Have you ever heard someone singing a song and then found yourself singing it all the rest of that day? Songs are funny things, even when they’re not sung to music. Sing words of victory and you’ll soon start feeling triumphant.. Sing of warmth and love and feel it welling up inside you. Sing of loneliness and despair and your skies will soon be gray.
What kinds of songs have you been singing?
Edward Rowland Sill was only 45 years old when he died in Cleveland, Ohio, exactly 115 years ago. In poor health at the age of 20, Ed worked first on a ranch, then in a post office, then briefly studied theology, but gave that up to become a journalist in New York. Finally, he began teaching school, first in Ohio and then in California where he eventually became a teacher of English at the State University. He kept the job for 8 years, but was forced to resign in 1882 on account of the failing health that had dogged him most of his life.
Yet in spite of all his physical troubles, Ed was the kind of singer I’d like to have known. This is the song he left us:
THIS I beheld, or dreamed it in a dream: There spread a cloud of dust along a plain; And underneath the cloud, or in it, raged A furious battle, and men yelled, and swords Shocked upon swords and shields. A prince’s banner Wavered, then staggered backward, hemmed by foes. A craven hung along the battle’s edge And thought, “Had I a sword of keener steel- That blue blade that the king’s son bears, -but this Blunt thing–!” He snapt and flung it from his hand, And lowering crept away and left the field. Then came the king’s son, wounded, sore bestead, And weaponless, and saw the broken sword, Hilt-buried in the dry and trodden sand, And ran and snatched it, and with battle-shout Lifted afresh he hewed his enemy down, And saved a great cause that heroic day.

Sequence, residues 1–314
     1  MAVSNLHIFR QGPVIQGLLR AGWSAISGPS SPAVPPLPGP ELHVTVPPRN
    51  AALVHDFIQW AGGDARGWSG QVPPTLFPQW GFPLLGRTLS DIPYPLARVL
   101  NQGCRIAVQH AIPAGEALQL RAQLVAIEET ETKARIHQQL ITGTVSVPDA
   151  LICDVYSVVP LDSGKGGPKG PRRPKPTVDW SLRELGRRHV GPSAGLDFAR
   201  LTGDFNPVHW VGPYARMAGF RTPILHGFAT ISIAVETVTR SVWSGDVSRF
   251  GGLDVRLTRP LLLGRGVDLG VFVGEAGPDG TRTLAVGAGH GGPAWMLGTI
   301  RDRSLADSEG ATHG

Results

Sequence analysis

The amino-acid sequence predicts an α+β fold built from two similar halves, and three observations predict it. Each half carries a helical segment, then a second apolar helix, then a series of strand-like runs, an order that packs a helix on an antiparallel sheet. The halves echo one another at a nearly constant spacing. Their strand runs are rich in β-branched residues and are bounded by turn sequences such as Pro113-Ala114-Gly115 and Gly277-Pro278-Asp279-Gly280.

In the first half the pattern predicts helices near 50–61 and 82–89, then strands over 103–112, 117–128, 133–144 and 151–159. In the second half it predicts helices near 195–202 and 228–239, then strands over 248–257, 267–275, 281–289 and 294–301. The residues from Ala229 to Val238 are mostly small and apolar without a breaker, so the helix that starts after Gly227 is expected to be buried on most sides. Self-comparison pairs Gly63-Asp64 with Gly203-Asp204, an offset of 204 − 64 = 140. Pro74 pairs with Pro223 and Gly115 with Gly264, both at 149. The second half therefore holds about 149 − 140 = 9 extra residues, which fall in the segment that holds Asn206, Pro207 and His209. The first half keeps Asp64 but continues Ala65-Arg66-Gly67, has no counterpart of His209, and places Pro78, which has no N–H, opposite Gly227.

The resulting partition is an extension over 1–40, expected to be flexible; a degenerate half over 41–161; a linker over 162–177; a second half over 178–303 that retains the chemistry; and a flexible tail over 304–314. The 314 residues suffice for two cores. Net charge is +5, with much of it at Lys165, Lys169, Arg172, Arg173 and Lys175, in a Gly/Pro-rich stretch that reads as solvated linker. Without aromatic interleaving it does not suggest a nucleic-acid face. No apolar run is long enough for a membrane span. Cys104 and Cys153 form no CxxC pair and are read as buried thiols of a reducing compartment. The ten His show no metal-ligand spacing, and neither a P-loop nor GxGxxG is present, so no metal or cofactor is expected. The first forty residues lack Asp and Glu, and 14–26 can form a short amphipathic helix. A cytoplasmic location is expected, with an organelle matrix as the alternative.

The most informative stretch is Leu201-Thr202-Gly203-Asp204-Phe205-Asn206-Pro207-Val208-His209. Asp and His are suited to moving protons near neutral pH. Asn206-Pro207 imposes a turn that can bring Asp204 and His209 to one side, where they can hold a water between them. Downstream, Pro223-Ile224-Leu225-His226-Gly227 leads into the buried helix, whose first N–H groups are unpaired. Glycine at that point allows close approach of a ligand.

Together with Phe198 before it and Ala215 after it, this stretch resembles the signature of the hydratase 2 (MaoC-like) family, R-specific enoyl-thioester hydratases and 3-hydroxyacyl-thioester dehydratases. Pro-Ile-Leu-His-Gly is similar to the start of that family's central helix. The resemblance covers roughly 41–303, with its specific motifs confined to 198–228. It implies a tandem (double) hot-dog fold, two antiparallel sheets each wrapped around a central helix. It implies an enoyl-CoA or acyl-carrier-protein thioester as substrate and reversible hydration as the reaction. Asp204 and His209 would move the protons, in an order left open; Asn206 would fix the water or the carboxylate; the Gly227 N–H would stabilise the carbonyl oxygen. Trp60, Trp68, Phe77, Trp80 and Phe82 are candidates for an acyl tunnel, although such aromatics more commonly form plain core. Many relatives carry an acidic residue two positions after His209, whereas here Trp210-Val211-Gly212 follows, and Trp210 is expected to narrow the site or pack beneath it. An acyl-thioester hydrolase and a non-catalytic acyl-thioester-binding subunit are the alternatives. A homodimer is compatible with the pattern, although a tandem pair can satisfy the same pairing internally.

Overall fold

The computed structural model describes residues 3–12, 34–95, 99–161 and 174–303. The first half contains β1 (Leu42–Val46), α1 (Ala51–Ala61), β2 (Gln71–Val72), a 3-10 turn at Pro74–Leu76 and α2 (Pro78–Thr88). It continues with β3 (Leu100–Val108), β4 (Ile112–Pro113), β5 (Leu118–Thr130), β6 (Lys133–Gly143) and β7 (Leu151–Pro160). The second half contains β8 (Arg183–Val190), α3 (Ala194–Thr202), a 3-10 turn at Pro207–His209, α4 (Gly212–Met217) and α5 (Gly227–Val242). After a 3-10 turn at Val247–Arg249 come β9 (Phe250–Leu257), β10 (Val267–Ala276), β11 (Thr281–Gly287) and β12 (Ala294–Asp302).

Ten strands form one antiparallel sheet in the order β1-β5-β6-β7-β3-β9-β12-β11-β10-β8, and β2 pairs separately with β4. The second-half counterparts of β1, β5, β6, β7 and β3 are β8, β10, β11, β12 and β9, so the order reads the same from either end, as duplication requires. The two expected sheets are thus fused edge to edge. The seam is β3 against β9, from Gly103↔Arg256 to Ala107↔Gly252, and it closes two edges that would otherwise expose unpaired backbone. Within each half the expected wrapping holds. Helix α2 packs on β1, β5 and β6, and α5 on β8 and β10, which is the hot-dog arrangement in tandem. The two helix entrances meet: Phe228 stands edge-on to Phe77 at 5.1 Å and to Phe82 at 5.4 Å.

If you haven’t yet picked a song to sing today, why not try Eddie’s song?
With his life he wrote the words.
Might you write the music with yours?
Roy H. Williams